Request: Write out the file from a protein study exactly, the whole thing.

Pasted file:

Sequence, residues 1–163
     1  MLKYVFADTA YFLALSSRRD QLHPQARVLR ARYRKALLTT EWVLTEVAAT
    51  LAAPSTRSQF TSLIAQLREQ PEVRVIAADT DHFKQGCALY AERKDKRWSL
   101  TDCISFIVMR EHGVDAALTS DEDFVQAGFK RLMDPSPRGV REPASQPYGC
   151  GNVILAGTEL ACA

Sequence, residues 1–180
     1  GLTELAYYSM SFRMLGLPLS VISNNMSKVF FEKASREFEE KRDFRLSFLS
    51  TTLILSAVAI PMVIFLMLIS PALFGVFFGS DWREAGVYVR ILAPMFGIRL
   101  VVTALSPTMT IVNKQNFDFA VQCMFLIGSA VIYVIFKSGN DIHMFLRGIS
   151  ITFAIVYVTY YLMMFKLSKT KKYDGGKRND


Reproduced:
Sequence, residues 1–163
     1  MLKYVFADTA YFLALSSRRD QLHPQARVLR ARYRKALLTT EWVLTEVAAT
    51  LAAPSTRSQF TSLIAQLREQ PEVRVIAADT DHFKQGCALY AERKDKRWSL
   101  TDCISFIVMR EHGVDAALTS DEDFVQAGFK RLMDPSPRGV REPASQPYGC
   151  GNVILAGTEL ACA

Sequence, residues 1–180
     1  GLTELAYYSM SFRMLGLPLS VISNNMSKVF FEKASREFEE KRDFRLSFLS
    51  TTLILSAVAI PMVIFLMLIS PALFGVFFGS DWREAGVYVR ILAPMFGIRL
   101  VVTALSPTMT IVNKQNFDFA VQCMFLIGSA VIYVIFKSGN DIHMFLRGIS
   151  ITFAIVYVTY YLMMFKLSKT KKYDGGKRND